When Janya Walsh, Rubbermaid Commercial Products Marketing Research Manager, wanted to identify concept opportunities in restaurant kitchens she knew she needed different approach.
Complex restaurant kitchens were a far cry from consumer
kitchens. Walsh explains, "We had an extremely intricate
environment to understand. So before we could uncover problem
areas ripe for better solutions, we had to understand all the
processes behind getting a plate of food together."
Instead of using standard focus groups or surveys, Rubbermaid
decided to invest in videography. Here is why:
Rubbermaid needed a way to step back and unlock all the tasks
happening at once in restaurant kitchens. They were not sure how
to monitor everyone from the dishwasher to the head chef, all the
tools used, not to mention the different areas a single plate of
food might visit before heading out the kitchen door.
Focus groups were ruled out because Rubbermaid not only wanted to
keep the subjects in the environment, and there would be far too
many subjects to interview.
Observational research also posed problems: From a resources
standpoint, Walsh says they could not do a "dive-deep, live-with-
them-for-a-month" type of study. They also did not want to skew
results. "We didn't want to be an extra body in these tight
quarters, which would change behavior." One person simply
could not make sense of it all.
Video had two big advantages:
Advantage #1. Videotape captures the entire flow of the kitchen.
"Because there's such a direct relationship between the layout of
the restaurant, the tools used, and the tasks performed, we knew
a birds-eye view would reveal how all the different elements come
together," says Walsh.
Advantage #2. Recording the process would give Rubbermaid the
luxury of re-watching sections, counting actions, and re-
Walsh explains, "We can review footage again and again to see if
there were serious repetitive motions or wasted steps that could
be cut down or simplified."
-> Five Steps to Rubbermaid's Video Research:
Step #1. Selecting Research Subjects
First, Rubbermaid selected three casual dining restaurants: A
small chain, a large national chain, and an upscale hotel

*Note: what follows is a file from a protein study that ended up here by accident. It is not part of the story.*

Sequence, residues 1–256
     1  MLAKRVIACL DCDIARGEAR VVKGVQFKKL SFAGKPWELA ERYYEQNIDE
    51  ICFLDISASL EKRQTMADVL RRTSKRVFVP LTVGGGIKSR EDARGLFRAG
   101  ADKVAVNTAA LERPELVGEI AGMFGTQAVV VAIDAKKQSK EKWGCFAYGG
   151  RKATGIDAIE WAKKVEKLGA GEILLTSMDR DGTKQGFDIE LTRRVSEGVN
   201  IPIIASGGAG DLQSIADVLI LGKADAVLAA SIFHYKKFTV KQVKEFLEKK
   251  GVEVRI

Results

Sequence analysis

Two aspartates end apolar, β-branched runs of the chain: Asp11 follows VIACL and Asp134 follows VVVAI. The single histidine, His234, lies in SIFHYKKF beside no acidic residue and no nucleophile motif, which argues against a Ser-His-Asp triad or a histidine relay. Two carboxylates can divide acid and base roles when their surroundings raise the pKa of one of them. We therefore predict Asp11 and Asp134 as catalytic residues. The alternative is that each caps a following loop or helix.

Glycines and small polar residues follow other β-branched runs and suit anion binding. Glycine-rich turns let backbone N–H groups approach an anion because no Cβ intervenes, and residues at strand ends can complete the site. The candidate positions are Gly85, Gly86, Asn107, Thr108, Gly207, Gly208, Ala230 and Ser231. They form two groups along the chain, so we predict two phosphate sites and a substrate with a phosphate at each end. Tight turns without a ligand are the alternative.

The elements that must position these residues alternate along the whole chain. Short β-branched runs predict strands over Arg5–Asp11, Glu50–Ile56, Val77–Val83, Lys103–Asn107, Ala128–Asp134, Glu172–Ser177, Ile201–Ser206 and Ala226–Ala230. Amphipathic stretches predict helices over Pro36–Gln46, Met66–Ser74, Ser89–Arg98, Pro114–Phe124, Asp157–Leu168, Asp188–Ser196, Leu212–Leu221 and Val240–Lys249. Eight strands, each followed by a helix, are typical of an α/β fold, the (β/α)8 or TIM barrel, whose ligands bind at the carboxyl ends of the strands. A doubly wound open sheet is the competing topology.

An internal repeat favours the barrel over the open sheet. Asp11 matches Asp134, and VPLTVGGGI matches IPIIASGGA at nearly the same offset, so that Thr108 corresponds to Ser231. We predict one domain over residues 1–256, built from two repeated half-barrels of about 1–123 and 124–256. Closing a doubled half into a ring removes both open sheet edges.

restaurant. To get an overview, Rubbermaid had a one-hour
interview with the head chef or manager, took a tour of the
kitchen and got a rundown of all the tools and processes.
Step #2. Videotaping
With the help of a vendor, Rubbermaid set up four cameras to
capture two days of videotape for each location. The first day,
they taped from opening to mid-afternoon, and the following day
from mid-day through closing.
With over 110 hours of videotape, Walsh admits feeling
overwhelmed, "We weren't sure we had the internal resources to
take all of this data and analyze it."
Step #3. Editing and Organizing the Results
Using digital editing and summary analysis the vendor divided the
tapes into categories and put them into a database. The data was
separated into six major topics such as, Handling of Food,
Cooking, and Clean up. Each category had subtopics like, Quick
Preps, From Scratch Preps," or Work-Arounds (instances when a
cook developed some sort of homemade device or odd thing to get
the job done).
Step #4. Viewing Results
After watching each action by category, Rubbermaid designers had
a half-day ideation session to brainstorm for product ideas.
Step #5. Follow-up Focus Groups
Finally, Rubbermaid held follow-up focus groups with employees
from 30 restaurants. They focused on two things:
a. Rubbermaid wanted to validate if problem areas were
truly problem areas.
"We'd point out a process that was draining on efficiency
or a bad method from an ergonomic standpoint to see if they
also considered it a problem," explains Walsh.
b. Rubbermaid also took the opportunity to bounce concept
ideas by the kitchen workers. Each subject was shown a
written concept statement, a designers drawing, or a
prototype and asked for feedback.
-> Rubbermaid's Surprising Findings:
1. Compartmentalization of processes
"We expected to see a lot more movement within the kitchen, but
it's almost like an assembly line," says Walsh. "For efficiency,
restaurants take the Model-T approach to make each plate of food
perfect, so each person winds up working in one location."
2. Switching of containers
Walsh relates the problem, "They say if you want to be efficient
in your office, don't touch a piece of paper more than once. In
the kitchens we observed, the same ingredient might go into five
different containers before it actually went out the kitchen
As a result of these two observations Rubbermaid came up with two
product ideas that Walsh says would not have come about without
videography and the subsequent feedback. "We even got lucky with
one," Walsh adds. "When we suggested one of our concept ideas,
the chefs reiterated back multiple uses for it."
-> Walsh's Biggest Tip for This Type of Research:
Beforehand, it is important to gain an understanding of the
company or business you chose to observe.
"We underestimated the selection and recruiting process. As a
result, our timeline was extended for the larger restaurant
because we wanted to go in there during their busiest time of the
Walsh recommends checking for special events or anything that
might throw off the normal traffic or flow of business.
"There are up-front questions that any receptionist might know
about the business that will help you plan ahead."
Vendor used: Interactive Solutions www.observationalresearch.com
Want to meet Walsh in person?
She will be speaking at IIR & PDMA's "Voice of the Customer"
Conference, December 9th-11th at the Fairmont Hotel in San
Francisco. You can find more about it at